I know you stay here; you need this money. She replied. 'I don’t need it. You guys take care of me.' It was $5. It was all she had. —Celeste Eggert, director of development for The Road Home
Her husband is in jail, her week-old baby is in her arms, and she is in The Road Home shelter, hard on Salt Lake’s west side.
Her name is Apparel (pronounced AP-uh-rell) and she is waiting. Waiting for her husband’s legal case to be decided. Waiting for her caseworker at The Road Home to find a home for her family. Waiting for things to get better.
Nobody really wants to be in a shelter on Christmas, but it beats the truck she and Clifford were living in, and the people who work here are kind and hopeful. That’s enough for now.
“Things’ll get better,” she says, caressing her infant in her lap. “I trust God to provide a way.”
Appie, as she is called, has crammed a lot of hard living into her 25 years. She has been married to Clifford, a 47-year-old with his own checkered past, for two years. Appie and Clifford lived in his truck for seven months. It wasn’t that bad, she says. Everything they needed was there. A roof over their heads. A generator. A place to sleep. A hot plate. “I made dinner every night,” she says brightly. It was like camping and, besides, it saved rent while Clifford looked for work. Or didn’t.
“We took the summer off and did our thing,” she says.
He works on and off as a journeyman painter. A few weeks ago he was arrested for burglary, and Appie showed up at the shelter on Nov. 1 nearly eight months pregnant with nowhere else to go. She doesn’t have the money to pay his bail, so Clifford is behind bars and she is here, facing Christmas in the shelter, again.
“My husband and I were here two years ago for Christmas,” She says. “We had a long run with meth. Then he went to jail. While he was in jail we got clean and came here to get on our feet. It was a good experience. There was an outpouring of giving and love from people here.”
There are hundreds of other stories similar to hers among the people who pass through The Road Home. On one typical night last week, 1,088 people slept in one of The Road Home’s two shelters. That included 74 families consisting of 112 people, the majority of them kids under the age of 5.
Most of the shelter’s guests are individuals who are there for a night’s shelter against the cold, and that’s that. But families are automatically assigned a caseworker, as are those who have jobs, medical conditions or are undergoing substance abuse treatment. The Road Home’s mandate in such cases is to locate housing for these people, along with a deposit and the first month's rent. Celeste Eggert, director of development for The Road Home, says the vast majority of those who are set up in a home never return to the shelter. They are just people who needed assistance to get back on their feet again. The Road Home places at least one of their shelter residents in a home every day of the year.
“We never give up on people, never,” says Eggert. “I’ve seen people I think can’t change and they do. It’s the greatest thing about my job.”
On Thursday and Friday, from 7 a.m. to 7 p.m., The Road Home will hold its annual Holiday “Media-thon” to raise money. Ten radio stations and a TV station will broadcast live from the shelter to encourage public donations. Each year, so many cars show up to drop off donations that the adjacent street is turned into a one-way avenue. They also are looking for volunteers to help with the event.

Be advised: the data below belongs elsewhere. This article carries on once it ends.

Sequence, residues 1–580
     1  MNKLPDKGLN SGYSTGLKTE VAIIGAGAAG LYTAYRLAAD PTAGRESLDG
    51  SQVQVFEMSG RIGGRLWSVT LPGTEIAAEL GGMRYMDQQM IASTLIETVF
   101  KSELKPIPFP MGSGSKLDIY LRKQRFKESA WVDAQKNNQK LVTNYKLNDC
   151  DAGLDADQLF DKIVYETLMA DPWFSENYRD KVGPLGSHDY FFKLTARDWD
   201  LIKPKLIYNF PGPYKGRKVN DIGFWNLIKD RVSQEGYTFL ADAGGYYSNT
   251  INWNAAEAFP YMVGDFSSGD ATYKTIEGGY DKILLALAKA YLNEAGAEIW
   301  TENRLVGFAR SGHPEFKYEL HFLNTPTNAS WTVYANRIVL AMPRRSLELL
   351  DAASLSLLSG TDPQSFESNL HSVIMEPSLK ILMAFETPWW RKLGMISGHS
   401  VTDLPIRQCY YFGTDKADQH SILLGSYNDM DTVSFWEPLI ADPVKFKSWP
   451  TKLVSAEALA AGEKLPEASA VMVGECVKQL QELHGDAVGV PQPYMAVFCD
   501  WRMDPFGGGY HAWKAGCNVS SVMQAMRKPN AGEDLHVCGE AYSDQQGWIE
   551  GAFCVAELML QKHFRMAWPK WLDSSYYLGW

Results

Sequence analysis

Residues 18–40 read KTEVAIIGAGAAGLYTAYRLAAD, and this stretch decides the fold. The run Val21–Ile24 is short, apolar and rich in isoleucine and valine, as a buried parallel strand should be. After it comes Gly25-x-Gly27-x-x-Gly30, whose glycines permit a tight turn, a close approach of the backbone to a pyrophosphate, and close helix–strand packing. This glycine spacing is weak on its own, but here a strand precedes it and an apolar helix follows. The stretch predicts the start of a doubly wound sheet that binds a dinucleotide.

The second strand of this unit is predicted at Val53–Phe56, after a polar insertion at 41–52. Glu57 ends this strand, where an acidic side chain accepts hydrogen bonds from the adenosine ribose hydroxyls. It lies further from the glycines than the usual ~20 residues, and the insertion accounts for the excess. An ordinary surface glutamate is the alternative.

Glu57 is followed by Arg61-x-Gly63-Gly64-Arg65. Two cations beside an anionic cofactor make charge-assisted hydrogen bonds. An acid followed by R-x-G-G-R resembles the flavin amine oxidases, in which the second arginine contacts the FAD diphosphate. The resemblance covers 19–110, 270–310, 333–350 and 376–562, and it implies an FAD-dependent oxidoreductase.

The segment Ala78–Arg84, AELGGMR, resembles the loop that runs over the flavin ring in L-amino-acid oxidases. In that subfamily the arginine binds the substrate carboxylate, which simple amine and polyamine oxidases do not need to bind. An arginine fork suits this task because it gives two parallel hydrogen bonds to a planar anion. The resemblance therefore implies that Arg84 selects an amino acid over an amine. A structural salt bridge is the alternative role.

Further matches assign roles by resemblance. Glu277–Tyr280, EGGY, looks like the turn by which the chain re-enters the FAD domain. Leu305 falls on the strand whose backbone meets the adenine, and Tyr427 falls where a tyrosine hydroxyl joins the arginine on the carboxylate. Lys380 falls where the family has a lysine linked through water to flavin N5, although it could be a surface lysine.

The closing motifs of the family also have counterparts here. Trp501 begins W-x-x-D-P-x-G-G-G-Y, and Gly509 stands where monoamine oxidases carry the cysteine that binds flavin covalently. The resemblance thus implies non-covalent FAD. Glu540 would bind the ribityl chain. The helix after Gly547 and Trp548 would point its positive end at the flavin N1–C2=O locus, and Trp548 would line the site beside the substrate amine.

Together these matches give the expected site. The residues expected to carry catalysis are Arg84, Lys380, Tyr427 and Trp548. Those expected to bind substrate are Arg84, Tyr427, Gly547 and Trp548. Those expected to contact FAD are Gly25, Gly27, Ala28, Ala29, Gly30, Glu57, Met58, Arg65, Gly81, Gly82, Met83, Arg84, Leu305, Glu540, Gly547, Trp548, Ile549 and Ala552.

“We receive the bulk of our private contributions and in-kind donations during those two days,” says Eggert. “We have to stretch it to last all year. We just don’t get this support any other time of the year.”
Eggert is always moved by the experience. She has seen kids donate their entire allowance from the previous year. One year, as Eggert sat at a table accepting donations, she was handed money by a haggard looking woman who had spent the previous night in the shelter. “I know you stay here; you need this money,” Eggert gently told the woman. She replied. “I don’t need it. You guys take care of me.” Says Eggert, “It was $5. It was all she had.”
The people in The Road Home all have their sad stories, as victims of the economy, themselves, fate, or circumstance. For her part, Appie ran away from home as a teen and wound up in state custody. She tried to make a go of it. She went to beauty school, but then the babies arrived and her first marriage crumbled. Her first child is with her ex. Her second child was taken by the state because of her drug use. When social services showed up at the hospital last week, she feared the same fate for her third child, but so far all that has been required is periodic drug tests.
“We were using when I found out we were pregnant,” she says. “But not since then.”
Some friends introduced her to Clifford five years ago, shortly before she moved to Oregon. He kept calling her and eventually suggested she return to Utah.
“He said he would take care of me," she says. "I didn’t know him well and what I did know was not all that favorable. But I got to know him from a distance and started to like who I thought he was. Five years later I still do.”
As she talks, she strokes her infant’s back and holds him close. “Things’ll get better and now me and my husband have good reason to stay straight and do what we need to do,” she says.
Meanwhile, she waits. “The ultimate Christmas blessing would be to have my husband here with us,” she says.
Doug Robinson's columns run on Tuesdays and Wednesdays. Email: firstname.lastname@example.org